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levels, at least in the early part of the marketing season, and consequently the payments that will be made in 1958 will be low because of the high level back a year ago. The payments are made a year behind in this program.

Mr. SIMPSON. That explains it. My question certainly was not out of order.

Mr. POAGE. No.

Mr. SIMPSON. When you say you have 37.7 cents a pound in 1958, and they said they only spent $20 million-I could not reconcile the figures.

Mr. IMMASCHE. That 37.7 is the average for the first month of the current marketing year. Now we do not know what the average for the full year will finally be. We will not know that until June a year from now.

Mr. SIMPSON. I will ask you one more question. Has the Government surplus of wool been cut since this program has been in effect?

Mr. IMMASCHE. From the old loan program we accumulated about 185 million pounds. We had that much when this program started. That was in the spring of 1955. All of that was disposed of by last December or January.

Mr. SIMPSON. Do you have any surplus wool now?
Mr. IMMASCHE. No, sir.

Mr. SIMPSON. Then as far as this program is concerned on getting rid of surpluses, it has worked?

Mr. IMMASCHE. Well, that was a peculiar surplus. That was a surplus because we were supporting the price of wool at higher than the market.

Mr. Simpson. It wiped out the surplus, and that is the end.

Mr. IMMASCHE. Wool accumulated in our warehouses while foreign wool was being imported to supply our mills. So it was not a true surplus. Our domestic production of wool is less than our total consumption of wool.

Mr. Simpson. If this same program would wipe out the other surpluses, I would be glad to be for it.

Mr. Dixon. Will the gentleman yield to a question?
Mr. SIMPSON. Surely.

Mr. Dixon. May I ask this gentleman, how much does it save the Government for every cent the price of wool goes up?

Mr. IMMASCHE. We figure for each 1 cent the price received in the free market increases saves about $3 million of payments. other words if the average turns out to be 55 cents for the marketing year we have just finished and with the incentive level at 62 cents there will be 7 cents to make up by payments. We figure that would cost about $21 million or $22 million.

Mr. Dixon. Three million for every cent it goes up?
Mr. IMMASCHE. That is a rought rule of thumb figure or ratio.
Mr. Dixon. Thank you.

Mr. MCINTIRE. For the record, Mr. Garland, what is the present duty on wool tops as they are imported into this country?

Mr. GARLAND. I have that information in my briefcase. May I suggest, Mr. Congressman, so there will be no question about it, about the correctness of the answer, that you direct that question to a member of the Department?

Mr. MCINTIRE. It may be put into the record, and whether or not it is on an ad valorem basis, or just what the basis is on which the tariff is assessed.

Mr. IMMASCHE. There are two kinds of tariff. Raw wool carries a specific duty, and that is 25%, cents a pound clean on most wools. Manufactured articles coming in carry both a specific and ad valorem rates of duty. I do not have those rates, but we would be glad to get them for you.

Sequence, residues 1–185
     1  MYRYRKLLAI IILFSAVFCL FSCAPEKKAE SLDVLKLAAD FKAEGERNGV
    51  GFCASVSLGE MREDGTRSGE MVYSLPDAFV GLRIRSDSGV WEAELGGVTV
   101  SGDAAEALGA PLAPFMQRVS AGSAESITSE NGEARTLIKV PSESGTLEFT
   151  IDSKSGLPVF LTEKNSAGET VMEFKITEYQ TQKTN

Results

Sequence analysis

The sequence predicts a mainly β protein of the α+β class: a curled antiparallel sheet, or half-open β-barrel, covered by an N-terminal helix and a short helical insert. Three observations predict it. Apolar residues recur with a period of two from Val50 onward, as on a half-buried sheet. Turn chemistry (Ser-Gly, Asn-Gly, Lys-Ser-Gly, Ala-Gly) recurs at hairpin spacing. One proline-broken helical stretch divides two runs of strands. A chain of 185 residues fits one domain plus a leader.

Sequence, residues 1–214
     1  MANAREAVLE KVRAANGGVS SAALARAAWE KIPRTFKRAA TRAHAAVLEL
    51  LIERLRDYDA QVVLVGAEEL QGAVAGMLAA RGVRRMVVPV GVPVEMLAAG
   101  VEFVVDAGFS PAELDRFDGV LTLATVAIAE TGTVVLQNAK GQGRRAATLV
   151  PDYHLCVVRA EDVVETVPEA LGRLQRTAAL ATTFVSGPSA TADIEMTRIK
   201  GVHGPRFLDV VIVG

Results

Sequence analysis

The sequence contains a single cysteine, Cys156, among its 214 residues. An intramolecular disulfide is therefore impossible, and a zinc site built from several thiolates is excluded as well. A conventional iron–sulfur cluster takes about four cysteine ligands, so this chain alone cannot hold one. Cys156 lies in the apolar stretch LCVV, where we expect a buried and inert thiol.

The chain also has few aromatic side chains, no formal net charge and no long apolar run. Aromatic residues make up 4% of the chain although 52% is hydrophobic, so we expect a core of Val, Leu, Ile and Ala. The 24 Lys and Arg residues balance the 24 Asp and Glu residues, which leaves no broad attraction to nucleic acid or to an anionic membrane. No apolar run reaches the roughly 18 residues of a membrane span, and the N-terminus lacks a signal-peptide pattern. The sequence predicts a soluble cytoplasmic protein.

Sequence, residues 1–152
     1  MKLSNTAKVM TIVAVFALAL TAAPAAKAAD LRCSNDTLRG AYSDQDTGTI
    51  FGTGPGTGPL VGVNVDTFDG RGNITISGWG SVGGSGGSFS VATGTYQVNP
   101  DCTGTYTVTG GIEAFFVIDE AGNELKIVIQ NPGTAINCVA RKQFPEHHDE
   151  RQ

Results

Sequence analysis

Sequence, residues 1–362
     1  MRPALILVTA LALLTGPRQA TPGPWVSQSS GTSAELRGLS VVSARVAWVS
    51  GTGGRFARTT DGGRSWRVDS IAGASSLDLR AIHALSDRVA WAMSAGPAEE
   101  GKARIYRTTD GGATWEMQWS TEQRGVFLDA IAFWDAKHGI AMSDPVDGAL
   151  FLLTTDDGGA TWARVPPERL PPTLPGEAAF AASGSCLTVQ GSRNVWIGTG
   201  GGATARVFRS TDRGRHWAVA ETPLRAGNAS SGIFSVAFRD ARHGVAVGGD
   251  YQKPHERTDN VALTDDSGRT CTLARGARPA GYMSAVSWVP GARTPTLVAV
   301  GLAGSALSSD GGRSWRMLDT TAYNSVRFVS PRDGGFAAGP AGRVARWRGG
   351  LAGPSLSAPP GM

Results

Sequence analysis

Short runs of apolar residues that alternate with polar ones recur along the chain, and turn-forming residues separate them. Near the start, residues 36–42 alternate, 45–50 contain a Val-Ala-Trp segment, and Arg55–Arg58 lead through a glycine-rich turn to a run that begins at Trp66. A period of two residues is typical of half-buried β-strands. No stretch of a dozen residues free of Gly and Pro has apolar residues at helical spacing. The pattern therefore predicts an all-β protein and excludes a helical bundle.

(The data referred to above are as follows:)

The rates of duty which apply to imports of wool and wool manufactures are set forth in Schedule 11 of the Tariff Act of 1930, as amended. Following is a copy of that schedule taken from United States Import Duties (1952) as published by the U. S. Tariff Commission, Miscellaneous Series TC 1.10: Im7/47952, with changes as indicated by Supplements I, II, III, and IV through May 25, 1957.

"Full ratecolumn.-Except in a very few specially identified instances, the rates shown in this column are those specified in the Tariff Act of 1930 or the Internal Revenue Code, as amended, unless identified by an asterisk (*), in which case the rate is one established pursuant to section 336 of the Tariff Act of 1930. The full rates apply to products of the following countries or areas, whether imported directly or indirectly therefrom, as a result of actions taken by the President under section 5 of the Trade Agreements Extension Act of 1951, notifications of which were published in the Treasury Decisions respectively indicated.

Treasury Country or area

Decision Albania

52788 Bulgaria

52828 China (any part of which may be under Communist domination or control) -

52788 Czechoslovakia -

52837 Estonia.

52788 Germany: The Soviet zone and the Soviet sector of Berlin.

52788 Areas under Polish domination or control.-

52877 Hungary -

53012 Indochina (any part of Cambodia, Laos, or Vietnam which may be under Communist domination or control)

52788 Korea (any part which may be under Communist domination or control)-- 52788 Kurile Islands.

52788 Latvia

52788 Lithuania

52788 Outer Mongolia

52788 Poland.

52877 Rumania

52788 Southern Sakhalin.

52788 Tanna Tuva.-

52788 Tibet.

53024 Union of Soviet Socialist Republics.

52877 If a product of any foreign country or area not named or described in the preceding paragraph, except the Philippine Republic, is classifiable under : description for which no rate is specified in the “Reduced rate” column, such product also is subject to the rate of duty specified for its description in the "Full rate” column.

Reduced ratecolumn.-The rates in this column are the reduced rates established pursuant to trade agreements entered into under section 350 of the Tariff Act of 1930, as amended. They apply to products of any foreign country or area, except the Philippine Republic, which is not named or described in the above list.

SCHEDULE 11.-Wool and manufactures of

Description

Full rate

Par.
No.

Reduced rate

1101 (a)